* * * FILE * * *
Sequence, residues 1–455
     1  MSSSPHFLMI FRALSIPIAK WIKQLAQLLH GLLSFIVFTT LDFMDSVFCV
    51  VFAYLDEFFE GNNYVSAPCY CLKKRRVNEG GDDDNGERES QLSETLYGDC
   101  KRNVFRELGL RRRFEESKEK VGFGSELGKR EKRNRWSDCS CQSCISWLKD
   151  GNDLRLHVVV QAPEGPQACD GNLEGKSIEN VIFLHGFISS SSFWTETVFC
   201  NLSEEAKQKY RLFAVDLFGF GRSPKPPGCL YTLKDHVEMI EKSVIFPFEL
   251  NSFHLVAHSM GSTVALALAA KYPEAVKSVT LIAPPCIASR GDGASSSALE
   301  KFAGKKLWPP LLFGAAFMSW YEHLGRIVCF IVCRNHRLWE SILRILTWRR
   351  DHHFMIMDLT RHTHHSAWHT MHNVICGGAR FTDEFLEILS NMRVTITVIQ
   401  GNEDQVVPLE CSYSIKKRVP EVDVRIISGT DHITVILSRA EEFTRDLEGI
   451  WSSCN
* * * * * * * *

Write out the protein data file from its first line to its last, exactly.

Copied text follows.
Sequence, residues 1–455
     1  MSSSPHFLMI FRALSIPIAK WIKQLAQLLH GLLSFIVFTT LDFMDSVFCV
    51  VFAYLDEFFE GNNYVSAPCY CLKKRRVNEG GDDDNGERES QLSETLYGDC
   101  KRNVFRELGL RRRFEESKEK VGFGSELGKR EKRNRWSDCS CQSCISWLKD
   151  GNDLRLHVVV QAPEGPQACD GNLEGKSIEN VIFLHGFISS SSFWTETVFC
   201  NLSEEAKQKY RLFAVDLFGF GRSPKPPGCL YTLKDHVEMI EKSVIFPFEL
   251  NSFHLVAHSM GSTVALALAA KYPEAVKSVT LIAPPCIASR GDGASSSALE
   301  KFAGKKLWPP LLFGAAFMSW YEHLGRIVCF IVCRNHRLWE SILRILTWRR
   351  DHHFMIMDLT RHTHHSAWHT MHNVICGGAR FTDEFLEILS NMRVTITVIQ
   401  GNEDQVVPLE CSYSIKKRVP EVDVRIISGT DHITVILSRA EEFTRDLEGI
   451  WSSCN